Describing MSMEs in the informal sector

There are different degrees of informality among enterprises ranging from those who are not registered and escape detection by the public administration (total informality), to those who are registered and are acknowledged by the public administration, but are not fully compliant (partial informality).

Informal MSMEs are mostly those economic establishments owned by one person or a family or fall under a formal definition of micro-enterprises. They are not registered (or loosely registered), not in a formal legal institution, without a well-defined legal status. Thus, they are being considered informal (or quasi-formal). They often employ less than ten employees and rely primarily on family members as workers. They also include non-farm self-employed people who operate as sole proprietors or sole traders but are unregistered or loosely registered (those not fully registered enterprises). For example, micro-enterprises might register with a  provincial office but not with the social security office. It is argued that informal enterprises provide a source of income to vulnerable populations and act as a buffer within an economy lacking formal social security systems.222 However, for most developing countries, a high level of informality translates as a narrow tax base and yawning gaps for a government that tries to stretch itself bare to provide a minimum health and social security system from the low level of taxes generated from informality.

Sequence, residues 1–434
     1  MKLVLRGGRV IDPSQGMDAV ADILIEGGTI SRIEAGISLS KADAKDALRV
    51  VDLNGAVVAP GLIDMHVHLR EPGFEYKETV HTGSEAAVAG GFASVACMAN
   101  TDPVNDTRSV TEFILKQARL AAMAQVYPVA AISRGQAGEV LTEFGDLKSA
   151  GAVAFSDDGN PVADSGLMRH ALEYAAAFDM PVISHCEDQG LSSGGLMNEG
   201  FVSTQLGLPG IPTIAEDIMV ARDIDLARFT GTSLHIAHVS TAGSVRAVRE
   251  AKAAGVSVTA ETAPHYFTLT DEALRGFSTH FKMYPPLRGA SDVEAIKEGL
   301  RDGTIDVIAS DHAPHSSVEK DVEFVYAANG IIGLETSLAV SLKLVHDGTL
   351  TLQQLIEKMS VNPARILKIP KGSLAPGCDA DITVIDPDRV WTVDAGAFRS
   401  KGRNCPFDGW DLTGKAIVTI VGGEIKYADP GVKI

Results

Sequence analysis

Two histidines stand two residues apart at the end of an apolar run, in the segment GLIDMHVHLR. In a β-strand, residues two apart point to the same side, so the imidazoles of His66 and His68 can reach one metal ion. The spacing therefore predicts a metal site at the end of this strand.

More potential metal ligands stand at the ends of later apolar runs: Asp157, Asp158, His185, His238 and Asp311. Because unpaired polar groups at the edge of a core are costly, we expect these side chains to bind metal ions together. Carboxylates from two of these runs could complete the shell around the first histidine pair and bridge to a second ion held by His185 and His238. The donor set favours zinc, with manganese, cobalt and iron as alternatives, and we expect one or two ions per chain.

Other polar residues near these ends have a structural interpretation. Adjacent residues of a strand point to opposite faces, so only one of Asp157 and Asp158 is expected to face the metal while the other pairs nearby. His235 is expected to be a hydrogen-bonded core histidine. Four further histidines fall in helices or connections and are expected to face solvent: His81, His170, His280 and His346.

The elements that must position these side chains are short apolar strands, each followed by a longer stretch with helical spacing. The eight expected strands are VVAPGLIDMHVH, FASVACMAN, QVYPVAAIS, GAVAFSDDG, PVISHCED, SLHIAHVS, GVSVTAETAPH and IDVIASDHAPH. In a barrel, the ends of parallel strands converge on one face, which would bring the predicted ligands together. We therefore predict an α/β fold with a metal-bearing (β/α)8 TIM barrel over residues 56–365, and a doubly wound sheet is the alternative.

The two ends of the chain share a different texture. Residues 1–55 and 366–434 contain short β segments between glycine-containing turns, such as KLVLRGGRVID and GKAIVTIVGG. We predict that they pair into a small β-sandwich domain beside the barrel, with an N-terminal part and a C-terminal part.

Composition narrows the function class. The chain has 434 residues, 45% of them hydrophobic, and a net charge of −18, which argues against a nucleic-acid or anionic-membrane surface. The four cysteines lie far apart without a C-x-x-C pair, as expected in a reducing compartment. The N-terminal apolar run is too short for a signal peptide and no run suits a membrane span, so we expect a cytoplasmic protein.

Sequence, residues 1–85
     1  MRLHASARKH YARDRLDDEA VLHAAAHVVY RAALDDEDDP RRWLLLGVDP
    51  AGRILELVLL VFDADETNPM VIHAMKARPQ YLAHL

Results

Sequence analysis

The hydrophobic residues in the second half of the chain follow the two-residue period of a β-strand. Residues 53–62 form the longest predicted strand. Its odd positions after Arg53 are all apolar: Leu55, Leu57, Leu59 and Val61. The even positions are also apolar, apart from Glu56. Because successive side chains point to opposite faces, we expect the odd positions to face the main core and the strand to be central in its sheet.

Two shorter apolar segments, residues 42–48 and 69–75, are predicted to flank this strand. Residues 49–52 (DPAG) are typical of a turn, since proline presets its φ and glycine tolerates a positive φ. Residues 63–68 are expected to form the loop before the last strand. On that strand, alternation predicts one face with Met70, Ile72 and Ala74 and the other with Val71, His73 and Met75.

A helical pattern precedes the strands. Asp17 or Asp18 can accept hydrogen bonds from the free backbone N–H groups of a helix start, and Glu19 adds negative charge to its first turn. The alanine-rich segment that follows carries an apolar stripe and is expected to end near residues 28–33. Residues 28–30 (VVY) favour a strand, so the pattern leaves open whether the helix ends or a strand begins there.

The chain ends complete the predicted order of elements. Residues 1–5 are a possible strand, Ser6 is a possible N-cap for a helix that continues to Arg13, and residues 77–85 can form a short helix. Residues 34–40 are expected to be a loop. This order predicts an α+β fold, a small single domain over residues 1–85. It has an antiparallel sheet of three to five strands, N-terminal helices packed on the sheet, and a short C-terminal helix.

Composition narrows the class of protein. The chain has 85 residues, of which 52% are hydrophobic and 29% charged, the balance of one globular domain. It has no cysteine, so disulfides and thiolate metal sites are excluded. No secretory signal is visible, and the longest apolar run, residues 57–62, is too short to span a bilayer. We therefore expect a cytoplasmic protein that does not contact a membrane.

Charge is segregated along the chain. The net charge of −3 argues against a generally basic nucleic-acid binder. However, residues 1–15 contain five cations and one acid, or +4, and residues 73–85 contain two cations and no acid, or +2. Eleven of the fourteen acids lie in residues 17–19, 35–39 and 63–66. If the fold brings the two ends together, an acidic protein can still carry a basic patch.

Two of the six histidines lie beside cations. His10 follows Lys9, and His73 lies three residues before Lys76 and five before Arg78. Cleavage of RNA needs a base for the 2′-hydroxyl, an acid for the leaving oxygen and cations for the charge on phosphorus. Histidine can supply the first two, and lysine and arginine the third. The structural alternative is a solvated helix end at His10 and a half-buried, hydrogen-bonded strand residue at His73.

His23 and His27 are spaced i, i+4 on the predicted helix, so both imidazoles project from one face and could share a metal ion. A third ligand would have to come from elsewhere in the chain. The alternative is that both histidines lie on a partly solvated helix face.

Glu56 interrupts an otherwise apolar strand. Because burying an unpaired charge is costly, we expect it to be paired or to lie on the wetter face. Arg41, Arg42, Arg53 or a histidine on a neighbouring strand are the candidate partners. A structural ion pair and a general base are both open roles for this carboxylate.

The informal economy is marked by acute decent work deficits and a disproportionate share of the working poor. Empirical research has shown that workers in the informal economy face higher risks of poverty than those in the formal economy.223 As a result of these and other factors, there is a significant, but not complete, overlap between working informally and being poor and vulnerable. While some activities offer reasonable livelihoods and incomes, most people engaged in the informal economy are exposed to inadequate and unsafe working conditions. They have high illiteracy levels, low skill levels and insufficient training opportunities.